Ancient volcanic fissures in the Columbia River flood basalts, exposed by uplifting and erosion, are helping University of Oregon researchers understand how magma that repeatedly erupted 14-16 million years ago transformed the environment into its modern landscape.
In a paper in Nature Scientific Reports, a seven-member team that included UO earth scientists Ilya Bindeman and Leif Karlstrom also found evidence that may explain why greenhouse gases released into the air during the eruptions did not trigger a global extinction event.
The Columbia River flood basalts represent the youngest continental flood basalt province on Earth and one of the best preserved. It covers roughly 210,000 square kilometers, extending from Eastern Oregon and Washington to western Idaho and part of northern Nevada.
The team’s insights came from analyses of oxygen and hydrogen isotopes in crustal material, a mix of magma and original rocks. Pivotal to the research, done in Bindeman’s Stable Isotope Laboratory, were 27 samples from 22 different dikes, wall-like bodies of magma that cut through the sheeted lava flow landscape during the eruptions.
"We found that when hot basaltic magma intruded into the crust, the heat boiled groundwater and volatilized everything in and near its path, causing chemical and isotopic changes in the rocks and the release of greenhouse gases,” said Bindeman, who led the study.
A 10-meter-thick feeder dike into the Wallowa Batholith, formed 16 million years ago from a mix of basaltic magma and granite, likely acted as a magma conduit for seven years. It formed one of the largest surface lava flows and chemically altered about 100 meters of surrounding bedrock. Heating effects may have lasted throughout the region for about 150 years after magma stopped flowing, the researchers concluded.
“The Columbia River basalts that are so dear to us in the Pacific Northwest,” Bindeman said. “They are now uplifted and eroded to the level that allows us to sample the contacts of these basalts with the previous rocks. The same process today is happening every hour and every where under midocean ridges and also on continents. By studying these not-so-ancient rocks we have learned what is going on under our feet.”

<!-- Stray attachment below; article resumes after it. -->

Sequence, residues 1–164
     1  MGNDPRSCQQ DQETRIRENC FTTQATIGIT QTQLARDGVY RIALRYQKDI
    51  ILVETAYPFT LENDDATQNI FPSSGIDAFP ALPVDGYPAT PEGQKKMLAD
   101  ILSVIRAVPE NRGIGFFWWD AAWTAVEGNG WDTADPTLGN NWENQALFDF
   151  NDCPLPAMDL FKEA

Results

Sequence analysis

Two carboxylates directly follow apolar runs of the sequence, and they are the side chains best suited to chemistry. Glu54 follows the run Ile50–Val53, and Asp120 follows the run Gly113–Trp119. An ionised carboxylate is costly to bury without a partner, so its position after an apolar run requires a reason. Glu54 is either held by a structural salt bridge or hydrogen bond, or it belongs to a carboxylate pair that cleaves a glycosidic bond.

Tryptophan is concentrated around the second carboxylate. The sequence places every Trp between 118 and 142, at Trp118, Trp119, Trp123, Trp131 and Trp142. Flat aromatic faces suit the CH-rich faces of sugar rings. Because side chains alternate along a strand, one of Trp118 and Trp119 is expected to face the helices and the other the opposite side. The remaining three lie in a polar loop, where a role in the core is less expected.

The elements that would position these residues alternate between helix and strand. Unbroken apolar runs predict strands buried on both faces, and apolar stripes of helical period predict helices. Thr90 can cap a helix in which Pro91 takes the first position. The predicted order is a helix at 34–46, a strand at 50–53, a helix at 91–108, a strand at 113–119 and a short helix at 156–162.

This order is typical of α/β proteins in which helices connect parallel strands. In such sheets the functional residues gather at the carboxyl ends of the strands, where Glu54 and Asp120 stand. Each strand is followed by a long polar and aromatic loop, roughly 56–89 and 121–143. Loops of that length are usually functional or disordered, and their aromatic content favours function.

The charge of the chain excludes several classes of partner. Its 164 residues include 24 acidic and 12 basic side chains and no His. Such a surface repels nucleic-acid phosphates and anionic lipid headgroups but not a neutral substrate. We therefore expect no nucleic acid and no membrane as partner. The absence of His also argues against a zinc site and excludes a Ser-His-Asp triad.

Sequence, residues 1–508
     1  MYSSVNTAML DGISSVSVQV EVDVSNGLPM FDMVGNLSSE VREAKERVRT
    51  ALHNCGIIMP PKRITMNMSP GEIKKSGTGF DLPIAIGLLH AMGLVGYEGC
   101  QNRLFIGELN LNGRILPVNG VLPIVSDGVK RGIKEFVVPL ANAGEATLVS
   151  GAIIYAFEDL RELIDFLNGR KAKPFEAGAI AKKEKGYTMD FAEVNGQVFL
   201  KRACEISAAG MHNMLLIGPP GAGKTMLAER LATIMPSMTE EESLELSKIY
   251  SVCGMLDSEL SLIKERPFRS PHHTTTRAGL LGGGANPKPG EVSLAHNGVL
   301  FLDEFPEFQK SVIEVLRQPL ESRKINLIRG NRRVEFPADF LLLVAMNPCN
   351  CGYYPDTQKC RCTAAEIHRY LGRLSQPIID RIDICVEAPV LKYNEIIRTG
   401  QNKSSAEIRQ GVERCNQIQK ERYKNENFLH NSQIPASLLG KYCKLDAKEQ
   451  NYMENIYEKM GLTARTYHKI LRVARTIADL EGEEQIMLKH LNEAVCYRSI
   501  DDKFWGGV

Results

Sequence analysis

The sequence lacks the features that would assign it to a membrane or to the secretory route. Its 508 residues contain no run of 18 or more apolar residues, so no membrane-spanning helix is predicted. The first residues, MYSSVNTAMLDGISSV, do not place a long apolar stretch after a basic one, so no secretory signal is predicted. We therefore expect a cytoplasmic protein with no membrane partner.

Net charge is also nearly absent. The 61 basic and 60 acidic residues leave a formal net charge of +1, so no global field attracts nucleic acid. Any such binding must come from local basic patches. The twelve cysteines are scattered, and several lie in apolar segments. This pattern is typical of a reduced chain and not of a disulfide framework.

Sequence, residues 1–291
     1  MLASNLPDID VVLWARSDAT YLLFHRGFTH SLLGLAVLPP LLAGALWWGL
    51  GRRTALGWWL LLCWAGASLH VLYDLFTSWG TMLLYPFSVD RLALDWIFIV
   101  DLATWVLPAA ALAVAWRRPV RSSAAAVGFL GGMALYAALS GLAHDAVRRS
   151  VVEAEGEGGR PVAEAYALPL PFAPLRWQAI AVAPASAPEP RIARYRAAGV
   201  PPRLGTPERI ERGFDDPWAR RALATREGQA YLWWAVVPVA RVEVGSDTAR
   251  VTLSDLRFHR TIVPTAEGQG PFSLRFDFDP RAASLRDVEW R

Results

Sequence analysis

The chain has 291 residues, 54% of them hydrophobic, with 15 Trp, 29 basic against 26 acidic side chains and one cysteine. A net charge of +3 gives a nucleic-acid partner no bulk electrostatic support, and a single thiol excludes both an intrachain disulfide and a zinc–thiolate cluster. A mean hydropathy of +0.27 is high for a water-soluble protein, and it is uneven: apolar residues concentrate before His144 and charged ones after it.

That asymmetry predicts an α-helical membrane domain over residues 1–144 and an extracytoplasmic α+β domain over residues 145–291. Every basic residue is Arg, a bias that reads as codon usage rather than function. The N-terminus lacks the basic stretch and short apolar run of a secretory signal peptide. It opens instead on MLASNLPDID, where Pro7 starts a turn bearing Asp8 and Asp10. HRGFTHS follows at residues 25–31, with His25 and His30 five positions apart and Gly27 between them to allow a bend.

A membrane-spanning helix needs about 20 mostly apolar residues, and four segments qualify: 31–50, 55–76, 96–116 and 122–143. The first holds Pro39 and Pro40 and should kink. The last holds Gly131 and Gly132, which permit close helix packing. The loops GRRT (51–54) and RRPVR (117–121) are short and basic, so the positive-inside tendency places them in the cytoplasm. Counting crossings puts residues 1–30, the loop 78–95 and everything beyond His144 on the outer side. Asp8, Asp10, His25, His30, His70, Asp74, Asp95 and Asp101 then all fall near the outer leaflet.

Computer modeling done with the chemical data suggests that the hydrothermal heating of the region’s original metasedimentary rocks — a metamorphic rock formed through the deposition and solidification of sediment — and relatively low levels of organic matter would have generated the release of about 18 gigatons of carbon dioxide and methane. One gigaton equals a billion metric tons.
Each of the individual Columbia River basalt eruptions were 10 to 100 times stronger than the largest eruptions of Iceland’s Eldgja and Laki volcanic eruptions in the years 934 and 1783, respectively, said study Karlstrom, who, along with Bindeman, is a member of the Oregon Center for Volcanology.
The Laki eruption, which killed thousands of people, released greenhouse gases that generated a year without summer followed by a warm year across Europe and North America, Karlstrom said.
While the Columbia River eruptions released 210,000 cubic kilometers of basaltic magma over 1.5 million years, leading to global climate impacts, they did not cause mass extinctions such as the one triggered by eruptions over a similar timescale that formed the Siberian Traps 250 million years ago.
The difference, Karlstrom said, is in the geology of the regions. The Columbia River eruptions occurred in igneous crust that contained low levels of organic matter that could be released by hydrothermal heating. Eruptions in the Siberian Traps occurred in sedimentary rocks rich in organic content.
Co-authors on the paper included Dylan P. Colón, who holds a doctorate from the UO and is now at the University of Geneva. Others are affiliated with the University of Bern and Moscow State University. The research was funded by the U.S., Russian and Swiss National Science Foundations.
—By Jim Barlow, University Communications